Worship and Faith Formation

A special issue of Religions (ISSN 2077-1444). This special issue belongs to the section "Religions and Theologies".

Deadline for manuscript submissions: 30 June 2024 | Viewed by 7619

Special Issue Editor


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Guest Editor
Korea Theological Seminary, Cheonan 31071, Korea
Interests: liturgy; faith formation; sacramental theology; religious education; neuroscience; disability

Special Issue Information

Dear Colleagues, 

This Special Issue is open to any topical study of worship and faith formation. Interdisciplinary works and those connecting the practical things that can happen in the field of worship will be welcomed. For the 21st century, I hope to give practical insight to the religious community that is at the crossroads of survival and regression in the post-COVID-19 era. I look forward to the active participation of many scholars around the world.

How is faith formed? The Bible says that faith is a gift from God. This means that any particular ritual or liturgy cannot guarantee the formation of faith. To assert that any particular religious act guarantees the birth of faith is tantamount to falling into liturgical Pelagianism. Nevertheless, worship and the formation of faith are closely related. In the place of worship, God is present, and something is happening in the place where elements and ordo of worship are performed.

The following questions are suggestive of themes to be explored  in this Special Issue:

  • How is faith formed in worship?
  • How do the Word and the Lord's Supper, prayers and offerings, confession of faith and hymns in worship affect the formation of faith in individuals and communities?
  • How do ceremonies and rituals affect the formation of faith?
  • How does the audience in the pew learn about religious knowledge?
  • From a view of neuroscience, what is going on in people’s minds and consciousness in the worship? 
  • What role does worship play in the faith-forming process of children, young people, middle-aged people, the elderly, and people with intellectual disabilities?
  • What is the relationship between personal faith formation and community faith formation?
  • How do the religious ceremonies of all generations, which have recently been receiving attention, affect the formation of faith?
  • How is one’s ethical self formed through worship?
  • In the context of the 21st century, and after the recent pandemic, what has been the status of worship and faith?

These questions clearly show how interdisciplinary research is needed on the matter of worship and faith formation, and how it calls for dialogue and cooperation. In addition to liturgical studies, it is necessary to creatively fuse methodologies and theories of many disciplines, such as religious education, Christian ethics, psychology, behavioral philosophy, practical theory, ritual studies, neuroscience, church music, sacramental theology, etc.I hope that you will consider contributing to this project. If you are interested in this project, please submit a proposed title and an abstract of 300–400 words summarizing your intended contribution. Please send your abstract to the Religions Editorial Office ([email protected]) or to me, the Guest Editor ([email protected]). Abstracts will be reviewed to ensure the topics fit the scope of the Special Issue. The due date for abstracts is December 31 2022, with completed essays due March 31, 2023.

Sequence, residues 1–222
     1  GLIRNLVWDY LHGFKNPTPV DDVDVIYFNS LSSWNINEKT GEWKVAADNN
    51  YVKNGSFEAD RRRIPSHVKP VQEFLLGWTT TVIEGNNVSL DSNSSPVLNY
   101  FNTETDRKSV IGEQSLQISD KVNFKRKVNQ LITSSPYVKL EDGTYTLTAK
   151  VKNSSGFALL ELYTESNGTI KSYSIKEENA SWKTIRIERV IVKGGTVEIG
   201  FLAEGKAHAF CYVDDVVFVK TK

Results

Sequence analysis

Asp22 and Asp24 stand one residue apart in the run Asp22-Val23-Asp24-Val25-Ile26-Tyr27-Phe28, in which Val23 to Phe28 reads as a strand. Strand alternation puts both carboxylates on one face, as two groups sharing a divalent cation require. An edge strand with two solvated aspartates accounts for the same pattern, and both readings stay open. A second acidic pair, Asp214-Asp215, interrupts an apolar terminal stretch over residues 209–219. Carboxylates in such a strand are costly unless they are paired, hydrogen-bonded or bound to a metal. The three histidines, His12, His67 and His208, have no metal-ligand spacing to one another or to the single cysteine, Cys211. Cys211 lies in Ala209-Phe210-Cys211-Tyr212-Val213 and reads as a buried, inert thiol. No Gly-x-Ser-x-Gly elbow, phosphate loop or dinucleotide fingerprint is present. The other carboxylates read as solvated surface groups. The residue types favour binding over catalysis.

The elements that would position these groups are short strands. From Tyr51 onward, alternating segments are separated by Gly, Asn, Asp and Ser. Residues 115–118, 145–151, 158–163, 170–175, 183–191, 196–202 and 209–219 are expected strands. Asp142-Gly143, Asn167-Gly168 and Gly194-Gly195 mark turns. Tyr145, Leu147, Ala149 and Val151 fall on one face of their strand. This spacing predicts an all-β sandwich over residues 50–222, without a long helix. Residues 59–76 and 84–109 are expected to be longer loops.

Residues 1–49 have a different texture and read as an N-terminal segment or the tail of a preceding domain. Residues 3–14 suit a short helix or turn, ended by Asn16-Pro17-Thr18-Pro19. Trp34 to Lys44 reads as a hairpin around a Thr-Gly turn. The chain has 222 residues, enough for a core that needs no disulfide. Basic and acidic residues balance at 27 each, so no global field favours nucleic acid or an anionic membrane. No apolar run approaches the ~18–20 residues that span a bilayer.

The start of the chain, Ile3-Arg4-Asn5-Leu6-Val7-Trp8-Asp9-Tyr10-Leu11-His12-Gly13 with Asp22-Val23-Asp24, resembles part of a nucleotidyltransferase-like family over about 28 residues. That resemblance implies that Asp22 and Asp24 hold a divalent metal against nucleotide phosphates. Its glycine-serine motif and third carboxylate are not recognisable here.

Dr. Hwarang Moon
Guest Editor

Manuscript Submission Information

Manuscripts should be submitted online at www.mdpi.com by registering and logging in to this website. Once you are registered, click here to go to the submission form. Manuscripts can be submitted until the deadline. All submissions that pass pre-check are peer-reviewed. Accepted papers will be published continuously in the journal (as soon as accepted) and will be listed together on the special issue website. Research articles, review articles as well as short communications are invited. For planned papers, a title and short abstract (about 100 words) can be sent to the Editorial Office for announcement on this website.

Submitted manuscripts should not have been published previously, nor be under consideration for publication elsewhere (except conference proceedings papers). All manuscripts are thoroughly refereed through a double-blind peer-review process. A guide for authors and other relevant information for submission of manuscripts is available on the Instructions for Authors page. Religions is an international peer-reviewed open access monthly journal published by MDPI.

Please visit the Instructions for Authors page before submitting a manuscript. The Article Processing Charge (APC) for publication in this open access journal is 1800 CHF (Swiss Francs). Submitted papers should be well formatted and use good English. Authors may use MDPI's English editing service prior to publication or during author revisions.

Keywords

  • worship
  • liturgy
  • faith formation
  • ritual studies
  • practical theology
  • religious education

Published Papers (6 papers)

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Research

22 pages, 338 KiB  
Article
The Role of Baptism in Christian Identity Formation
by Michael D. O’Neil
Religions 2024, 15(4), 458; https://doi.org/10.3390/rel15040458 - 7 Apr 2024
Viewed by 1070
Abstract
The construction of one’s identity in late modernity is sometimes viewed as a project of the autonomous self in which one’s identity may shift or change over the course of one’s existence and development. For the Christian, however, one’s identity is both a [...] Read more.